Researchers examine impact of poor functional kidney status
A study by researchers at the University of Cincinnati (UC) finds poor functional kidney status in elderly patients with end stage renal disease (ESRD) is associated with a higher incidence of initiating hemodialysis, increased the risk of central venous catheter use and is an independent predictor of one-year mortality. The study was published in the April 27, 2018 edition of BMC Nephrology.
The article, "Functional Status, Pre-Dialysis Health and Clinical Outcomes Among Elderly Dialysis Patients," describes research conducted by Silvi Shah, MD, assistant professor, and Charuhas Thakar, MD, professor and director of the Division of Nephrology, Kidney CARE (Clinical Advancement, Research and Education) Program in the UC College of Medicine, and Anthony Leonard, Ph.D., research associate professor in the Department of Family and Community Medicine.
Researchers studied nearly 50,000 adult ESRD patients who started hemodialysis or peritoneal dialysis between Jan. 1 and Dec. 31, 2008 using data from the United States Renal Data System (USRDS), with linked Medicare data covering at least two years prior to dialysis initiation. A major predictor was poor functional status defined by any of the three co-morbid conditions as specified in Department of Health and Human Services Centers for Medicare and Medicaid Services form 2728—(1) inability to ambulate, (2) inability to transfer or (3) need of assistance with daily activities. Shah says they discovered that elderly patients who have poor functional status have an increased one-year mortality by 48 percent.
Elderly chronic kidney disease patients, meaning those over the age of 60, represent the fastest growing segment of the ESRD patients in the United States. The annual mortality in ESRD patients is roughly 20 percent, and is higher in the first few months after starting on dialysis. Shah says even though early mortality is a significant problem among elderly ESRD patients, it remains underrecognized.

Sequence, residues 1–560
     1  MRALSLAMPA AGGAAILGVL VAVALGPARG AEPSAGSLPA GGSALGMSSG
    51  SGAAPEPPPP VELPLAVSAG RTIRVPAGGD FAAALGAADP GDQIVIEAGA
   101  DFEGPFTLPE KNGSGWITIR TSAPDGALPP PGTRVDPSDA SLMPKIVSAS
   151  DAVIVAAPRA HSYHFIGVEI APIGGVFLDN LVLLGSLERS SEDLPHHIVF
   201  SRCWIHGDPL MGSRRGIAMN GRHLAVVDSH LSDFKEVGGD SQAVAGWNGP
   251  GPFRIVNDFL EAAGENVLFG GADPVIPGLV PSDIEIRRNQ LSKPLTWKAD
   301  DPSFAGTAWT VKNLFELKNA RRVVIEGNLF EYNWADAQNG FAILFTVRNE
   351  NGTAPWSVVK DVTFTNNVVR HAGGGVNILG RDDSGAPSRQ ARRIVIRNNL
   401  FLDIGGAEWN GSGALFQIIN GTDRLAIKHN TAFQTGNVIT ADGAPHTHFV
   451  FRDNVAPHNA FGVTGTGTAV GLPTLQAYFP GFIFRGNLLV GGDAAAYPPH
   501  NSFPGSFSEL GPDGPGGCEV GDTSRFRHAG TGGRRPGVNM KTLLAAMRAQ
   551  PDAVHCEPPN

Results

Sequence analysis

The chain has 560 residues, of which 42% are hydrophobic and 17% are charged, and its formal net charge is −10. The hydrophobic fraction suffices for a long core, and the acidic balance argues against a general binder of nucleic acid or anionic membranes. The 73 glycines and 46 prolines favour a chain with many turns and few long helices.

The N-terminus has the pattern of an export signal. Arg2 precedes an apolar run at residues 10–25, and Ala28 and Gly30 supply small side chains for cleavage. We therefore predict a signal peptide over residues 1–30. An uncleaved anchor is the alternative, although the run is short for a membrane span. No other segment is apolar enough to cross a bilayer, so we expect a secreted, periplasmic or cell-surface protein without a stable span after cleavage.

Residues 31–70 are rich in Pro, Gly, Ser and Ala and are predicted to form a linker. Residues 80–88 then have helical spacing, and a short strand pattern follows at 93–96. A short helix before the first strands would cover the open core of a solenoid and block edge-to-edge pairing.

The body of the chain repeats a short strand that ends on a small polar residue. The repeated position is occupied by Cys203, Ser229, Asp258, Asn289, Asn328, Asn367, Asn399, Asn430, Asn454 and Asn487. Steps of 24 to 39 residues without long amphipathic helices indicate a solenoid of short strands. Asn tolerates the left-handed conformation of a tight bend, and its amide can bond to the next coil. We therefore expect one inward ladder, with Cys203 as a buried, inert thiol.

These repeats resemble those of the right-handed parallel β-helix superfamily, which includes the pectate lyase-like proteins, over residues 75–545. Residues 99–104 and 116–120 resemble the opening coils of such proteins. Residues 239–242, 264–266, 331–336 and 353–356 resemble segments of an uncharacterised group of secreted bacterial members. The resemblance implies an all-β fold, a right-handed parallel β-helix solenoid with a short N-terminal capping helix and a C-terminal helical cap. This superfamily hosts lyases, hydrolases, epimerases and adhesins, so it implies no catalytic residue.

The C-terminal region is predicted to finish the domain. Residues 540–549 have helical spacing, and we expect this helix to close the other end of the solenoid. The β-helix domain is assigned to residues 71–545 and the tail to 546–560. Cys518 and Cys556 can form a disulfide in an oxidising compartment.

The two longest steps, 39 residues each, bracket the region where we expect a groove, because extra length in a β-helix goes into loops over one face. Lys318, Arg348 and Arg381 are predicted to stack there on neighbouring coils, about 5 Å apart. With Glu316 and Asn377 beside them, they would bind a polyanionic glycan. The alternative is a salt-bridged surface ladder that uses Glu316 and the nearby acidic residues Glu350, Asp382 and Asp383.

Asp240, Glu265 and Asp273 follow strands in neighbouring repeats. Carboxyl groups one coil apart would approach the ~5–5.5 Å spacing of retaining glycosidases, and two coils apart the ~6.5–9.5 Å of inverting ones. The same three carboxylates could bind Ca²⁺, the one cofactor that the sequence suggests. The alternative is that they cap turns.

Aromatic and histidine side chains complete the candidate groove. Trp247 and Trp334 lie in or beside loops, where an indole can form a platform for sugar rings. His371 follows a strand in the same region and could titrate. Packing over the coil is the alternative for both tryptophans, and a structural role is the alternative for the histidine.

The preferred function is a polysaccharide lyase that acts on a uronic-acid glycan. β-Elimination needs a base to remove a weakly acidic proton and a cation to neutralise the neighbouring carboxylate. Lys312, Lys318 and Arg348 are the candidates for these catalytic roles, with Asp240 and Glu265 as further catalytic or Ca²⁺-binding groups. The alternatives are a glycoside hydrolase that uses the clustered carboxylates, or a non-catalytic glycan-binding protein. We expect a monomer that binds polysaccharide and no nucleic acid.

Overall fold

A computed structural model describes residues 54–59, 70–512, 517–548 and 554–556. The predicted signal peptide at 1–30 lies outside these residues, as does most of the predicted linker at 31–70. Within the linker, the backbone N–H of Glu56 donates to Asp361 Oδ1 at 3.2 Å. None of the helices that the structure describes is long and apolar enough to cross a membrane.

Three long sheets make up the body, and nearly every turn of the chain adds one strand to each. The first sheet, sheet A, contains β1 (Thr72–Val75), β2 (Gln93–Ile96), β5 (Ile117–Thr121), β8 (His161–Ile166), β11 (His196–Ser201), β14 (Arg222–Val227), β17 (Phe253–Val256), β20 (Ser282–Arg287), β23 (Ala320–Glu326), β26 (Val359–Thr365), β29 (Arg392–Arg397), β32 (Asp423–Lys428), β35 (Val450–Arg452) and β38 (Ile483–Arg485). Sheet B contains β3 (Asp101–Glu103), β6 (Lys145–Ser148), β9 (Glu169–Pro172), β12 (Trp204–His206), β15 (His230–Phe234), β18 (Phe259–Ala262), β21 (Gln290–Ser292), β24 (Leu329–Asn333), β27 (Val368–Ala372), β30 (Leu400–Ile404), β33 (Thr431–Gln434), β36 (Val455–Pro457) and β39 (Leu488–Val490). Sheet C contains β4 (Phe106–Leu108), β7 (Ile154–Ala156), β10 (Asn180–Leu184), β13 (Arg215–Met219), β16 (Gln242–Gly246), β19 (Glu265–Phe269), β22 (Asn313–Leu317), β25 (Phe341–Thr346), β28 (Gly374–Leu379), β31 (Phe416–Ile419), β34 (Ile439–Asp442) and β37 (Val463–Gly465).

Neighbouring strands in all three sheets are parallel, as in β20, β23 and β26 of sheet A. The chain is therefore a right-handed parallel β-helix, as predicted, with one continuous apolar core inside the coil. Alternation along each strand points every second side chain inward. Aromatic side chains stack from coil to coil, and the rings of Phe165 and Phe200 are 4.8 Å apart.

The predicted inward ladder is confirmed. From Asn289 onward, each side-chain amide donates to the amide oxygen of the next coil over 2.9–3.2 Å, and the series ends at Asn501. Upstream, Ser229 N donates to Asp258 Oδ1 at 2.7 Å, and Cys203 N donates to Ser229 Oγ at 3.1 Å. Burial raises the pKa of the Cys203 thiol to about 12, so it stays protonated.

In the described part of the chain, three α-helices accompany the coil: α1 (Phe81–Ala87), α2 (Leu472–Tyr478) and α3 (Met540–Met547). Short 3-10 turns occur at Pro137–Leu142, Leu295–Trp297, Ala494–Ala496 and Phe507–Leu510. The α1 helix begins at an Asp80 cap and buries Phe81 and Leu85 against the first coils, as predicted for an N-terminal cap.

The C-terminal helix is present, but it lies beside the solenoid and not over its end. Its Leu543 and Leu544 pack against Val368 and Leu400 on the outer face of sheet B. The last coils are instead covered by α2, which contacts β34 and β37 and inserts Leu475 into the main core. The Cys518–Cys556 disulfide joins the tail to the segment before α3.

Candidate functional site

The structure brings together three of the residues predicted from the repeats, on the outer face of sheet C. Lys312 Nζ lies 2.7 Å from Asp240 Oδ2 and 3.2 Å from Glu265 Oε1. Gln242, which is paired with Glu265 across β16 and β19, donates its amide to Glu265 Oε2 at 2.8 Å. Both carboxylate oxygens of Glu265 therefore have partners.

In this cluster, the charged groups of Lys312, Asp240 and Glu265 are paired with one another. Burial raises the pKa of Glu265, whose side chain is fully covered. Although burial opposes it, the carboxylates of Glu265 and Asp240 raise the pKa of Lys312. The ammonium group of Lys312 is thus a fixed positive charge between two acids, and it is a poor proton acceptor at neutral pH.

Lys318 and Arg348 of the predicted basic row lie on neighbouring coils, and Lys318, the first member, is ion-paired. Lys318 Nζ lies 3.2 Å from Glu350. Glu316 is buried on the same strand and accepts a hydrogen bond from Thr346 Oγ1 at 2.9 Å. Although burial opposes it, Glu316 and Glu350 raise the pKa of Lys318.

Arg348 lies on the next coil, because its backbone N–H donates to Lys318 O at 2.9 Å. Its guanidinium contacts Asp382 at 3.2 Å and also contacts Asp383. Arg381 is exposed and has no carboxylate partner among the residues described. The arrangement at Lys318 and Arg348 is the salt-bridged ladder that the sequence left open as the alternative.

"What this points out is we have to take into account patients' functional status and pre-dialysis health while initiating elderly patients on dialysis," says Shah, the principal investigator of the study. "The information from the present study can influence a health care provider's decision to initiate dialysis, help counsel patients and families, and can facilitate an integrated approach in shared decision-making."
Shah says one of the unique aspects of the study was linking the USRDS database to Medicare claims to determine the pre-dialysis health of incident ESRD patients.
"In the present study, we examined the impact of poor functional status on key clinical outcomes in elderly patients who get initiated on dialysis, after taking into account their pre-dialysis health including pre-dialysis acute hospitalizations, pre-dialysis nephrology care, history of nursing home stays, laboratory data and comorbidities," says Shah.
A secondary outcome examined in the study was the presence of vascular access for dialysis initiation. Shah says it is well known that arteriovenous access is preferred to a central venous catheter. Patients with poor functional status had 21 percent lower odds of initiating hemodialysis with arteriovenous access. Additionally, elderly patients with poor functional status had 39 percent higher odds of being started on hemodialysis as compared to peritoneal dialysis.
"An average patient who initiates dialysis in the United States is over 65 years of age, and has either diabetes or hypertension as a major cause of their kidney disease, along with other comorbid conditions," says Thakar. "The study finds that one out of two patients with poor functional status who initiate dialysis may not make it to the end of their first year. This is a very relevant prognostic indicator, given that dialysis patients experience a reduced quality of life, and may help in informed choices.
"On the other hand, it provides hope that aggressive efforts to improve functional status in potentially reversible situations may allow better outcomes in these patients."
Provided by University of Cincinnati Academic Health Center